Action potentials must admit calcium to evoke transmitter release

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  • A Correction to this article was published on 30 May 1991

Abstract

THERE are two hypotheses to explain how neurons release transmitter. The calcium hypothesis proposes that membrane depolarization is necessary only for opening calcium channels and increasing internal calcium concentration ([Ca2+]i) near membrane transmitter-release sites1–3. These calcium ions trigger a transient release of neurotransmitter4,5. The calcium-voltage hypothesis postulates that voltage induces a conformational change in a membrane protein rendering it sensitive to calcium such that, in the presence of high [Ca2+]i depolarization directly triggers transmitter release6–9. Here we report that when calcium influx is blocked by cobalt or manganese ions in a calcium-free Ringer, as measured with Fura-2, and [Ca2+]i is elevated by liberation from a caged calcium compound, transmitter release at the crayfish neuromuscular junction is unaffected by presynaptic action potentials. These results support the calcium hypothesis.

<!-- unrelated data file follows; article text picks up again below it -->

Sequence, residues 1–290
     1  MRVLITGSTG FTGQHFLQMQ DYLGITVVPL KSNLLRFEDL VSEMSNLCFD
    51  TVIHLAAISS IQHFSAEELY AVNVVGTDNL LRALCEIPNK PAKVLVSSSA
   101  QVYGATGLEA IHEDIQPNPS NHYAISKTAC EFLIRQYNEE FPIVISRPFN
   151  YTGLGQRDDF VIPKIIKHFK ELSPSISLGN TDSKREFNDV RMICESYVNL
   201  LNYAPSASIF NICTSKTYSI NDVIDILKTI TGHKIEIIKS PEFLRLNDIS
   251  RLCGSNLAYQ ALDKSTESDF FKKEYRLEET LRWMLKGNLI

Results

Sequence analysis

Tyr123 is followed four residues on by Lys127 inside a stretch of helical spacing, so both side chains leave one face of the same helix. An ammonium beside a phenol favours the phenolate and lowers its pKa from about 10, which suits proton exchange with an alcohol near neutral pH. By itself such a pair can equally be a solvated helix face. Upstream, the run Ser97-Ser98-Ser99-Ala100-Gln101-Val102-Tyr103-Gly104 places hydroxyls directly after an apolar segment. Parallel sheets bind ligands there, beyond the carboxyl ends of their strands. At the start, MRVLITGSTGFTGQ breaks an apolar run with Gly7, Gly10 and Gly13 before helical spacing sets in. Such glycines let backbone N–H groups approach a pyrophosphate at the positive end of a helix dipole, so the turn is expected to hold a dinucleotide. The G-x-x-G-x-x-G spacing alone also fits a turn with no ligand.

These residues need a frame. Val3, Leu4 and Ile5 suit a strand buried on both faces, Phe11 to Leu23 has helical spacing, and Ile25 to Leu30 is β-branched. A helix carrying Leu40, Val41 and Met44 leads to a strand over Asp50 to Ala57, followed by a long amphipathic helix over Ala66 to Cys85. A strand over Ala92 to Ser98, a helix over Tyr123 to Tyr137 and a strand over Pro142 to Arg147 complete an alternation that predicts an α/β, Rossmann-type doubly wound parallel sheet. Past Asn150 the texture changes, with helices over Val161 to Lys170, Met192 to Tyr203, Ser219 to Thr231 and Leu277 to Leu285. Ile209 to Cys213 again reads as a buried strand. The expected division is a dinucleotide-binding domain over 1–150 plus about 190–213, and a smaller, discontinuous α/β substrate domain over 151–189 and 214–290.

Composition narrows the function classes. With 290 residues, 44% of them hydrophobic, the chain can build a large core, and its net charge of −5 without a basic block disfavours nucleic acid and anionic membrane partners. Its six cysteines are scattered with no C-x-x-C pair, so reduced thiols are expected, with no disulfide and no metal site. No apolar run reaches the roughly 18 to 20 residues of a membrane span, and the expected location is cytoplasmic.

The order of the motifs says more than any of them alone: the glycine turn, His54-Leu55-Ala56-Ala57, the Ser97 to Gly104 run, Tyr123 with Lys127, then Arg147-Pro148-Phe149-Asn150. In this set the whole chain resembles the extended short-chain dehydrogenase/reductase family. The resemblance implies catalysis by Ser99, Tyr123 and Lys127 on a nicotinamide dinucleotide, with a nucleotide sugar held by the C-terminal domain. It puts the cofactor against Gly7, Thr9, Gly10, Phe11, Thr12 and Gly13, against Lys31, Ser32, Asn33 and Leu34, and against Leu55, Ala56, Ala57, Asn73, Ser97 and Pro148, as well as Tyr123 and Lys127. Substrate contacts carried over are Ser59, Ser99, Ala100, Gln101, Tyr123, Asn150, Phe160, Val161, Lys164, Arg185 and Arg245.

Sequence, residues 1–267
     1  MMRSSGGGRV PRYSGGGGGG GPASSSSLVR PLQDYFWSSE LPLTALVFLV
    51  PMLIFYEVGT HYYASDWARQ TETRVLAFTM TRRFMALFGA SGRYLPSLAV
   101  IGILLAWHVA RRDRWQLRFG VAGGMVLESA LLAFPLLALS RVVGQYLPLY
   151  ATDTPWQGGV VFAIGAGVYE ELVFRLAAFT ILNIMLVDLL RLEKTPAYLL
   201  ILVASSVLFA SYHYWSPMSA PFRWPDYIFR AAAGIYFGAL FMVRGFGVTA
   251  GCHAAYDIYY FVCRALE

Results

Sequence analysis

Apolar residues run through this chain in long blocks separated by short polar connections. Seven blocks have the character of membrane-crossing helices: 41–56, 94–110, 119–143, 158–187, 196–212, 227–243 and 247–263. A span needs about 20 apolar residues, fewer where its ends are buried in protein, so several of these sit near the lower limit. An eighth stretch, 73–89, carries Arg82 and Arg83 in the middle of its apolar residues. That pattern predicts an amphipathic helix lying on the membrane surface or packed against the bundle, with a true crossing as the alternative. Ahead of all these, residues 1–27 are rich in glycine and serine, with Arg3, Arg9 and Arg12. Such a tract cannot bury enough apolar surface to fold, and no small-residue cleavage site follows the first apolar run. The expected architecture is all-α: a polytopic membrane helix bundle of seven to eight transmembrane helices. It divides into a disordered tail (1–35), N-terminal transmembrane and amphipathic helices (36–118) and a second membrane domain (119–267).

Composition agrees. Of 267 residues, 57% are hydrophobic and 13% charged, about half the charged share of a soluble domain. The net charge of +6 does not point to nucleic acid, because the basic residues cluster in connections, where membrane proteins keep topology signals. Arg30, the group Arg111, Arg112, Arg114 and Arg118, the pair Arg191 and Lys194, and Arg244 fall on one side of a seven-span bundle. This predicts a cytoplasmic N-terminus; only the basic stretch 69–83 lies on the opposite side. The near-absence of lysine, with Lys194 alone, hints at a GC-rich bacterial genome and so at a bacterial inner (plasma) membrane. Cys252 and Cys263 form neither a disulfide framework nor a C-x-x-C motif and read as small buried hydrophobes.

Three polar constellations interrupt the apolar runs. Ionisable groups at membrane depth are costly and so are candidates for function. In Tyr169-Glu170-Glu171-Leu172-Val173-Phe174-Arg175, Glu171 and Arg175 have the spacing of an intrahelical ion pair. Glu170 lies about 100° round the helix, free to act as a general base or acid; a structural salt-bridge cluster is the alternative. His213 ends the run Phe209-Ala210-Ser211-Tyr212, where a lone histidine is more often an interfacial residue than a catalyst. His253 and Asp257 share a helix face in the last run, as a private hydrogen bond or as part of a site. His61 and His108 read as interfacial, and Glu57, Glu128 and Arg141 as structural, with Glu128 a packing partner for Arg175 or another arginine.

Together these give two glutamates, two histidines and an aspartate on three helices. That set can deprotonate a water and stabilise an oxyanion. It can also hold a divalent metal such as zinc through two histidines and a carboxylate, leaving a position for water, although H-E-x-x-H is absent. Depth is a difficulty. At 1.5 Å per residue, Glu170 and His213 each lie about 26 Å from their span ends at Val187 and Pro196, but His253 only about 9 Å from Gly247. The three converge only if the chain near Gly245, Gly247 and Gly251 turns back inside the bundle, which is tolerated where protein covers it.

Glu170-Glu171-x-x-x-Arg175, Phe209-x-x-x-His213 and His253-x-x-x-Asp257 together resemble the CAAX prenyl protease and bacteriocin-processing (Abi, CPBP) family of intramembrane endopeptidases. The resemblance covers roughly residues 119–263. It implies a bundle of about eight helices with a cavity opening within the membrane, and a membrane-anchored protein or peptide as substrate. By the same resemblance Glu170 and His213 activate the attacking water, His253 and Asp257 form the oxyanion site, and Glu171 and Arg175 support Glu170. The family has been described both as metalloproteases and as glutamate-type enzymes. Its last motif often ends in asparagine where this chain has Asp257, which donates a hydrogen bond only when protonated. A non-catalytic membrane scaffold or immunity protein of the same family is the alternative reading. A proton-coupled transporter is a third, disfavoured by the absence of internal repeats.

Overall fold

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Mulkey, R., Zucker, R. Action potentials must admit calcium to evoke transmitter release. Nature 350, 153–155 (1991) doi:10.1038/350153a0

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